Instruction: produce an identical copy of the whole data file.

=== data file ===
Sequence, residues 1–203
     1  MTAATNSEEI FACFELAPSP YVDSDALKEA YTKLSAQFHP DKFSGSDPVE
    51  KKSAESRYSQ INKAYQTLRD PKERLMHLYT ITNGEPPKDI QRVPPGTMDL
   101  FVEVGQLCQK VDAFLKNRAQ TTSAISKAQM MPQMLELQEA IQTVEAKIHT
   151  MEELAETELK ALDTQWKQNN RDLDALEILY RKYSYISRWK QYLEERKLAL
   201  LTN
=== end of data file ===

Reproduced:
Sequence, residues 1–203
     1  MTAATNSEEI FACFELAPSP YVDSDALKEA YTKLSAQFHP DKFSGSDPVE
    51  KKSAESRYSQ INKAYQTLRD PKERLMHLYT ITNGEPPKDI QRVPPGTMDL
   101  FVEVGQLCQK VDAFLKNRAQ TTSAISKAQM MPQMLELQEA IQTVEAKIHT
   151  MEELAETELK ALDTQWKQNN RDLDALEILY RKYSYISRWK QYLEERKLAL
   201  LTN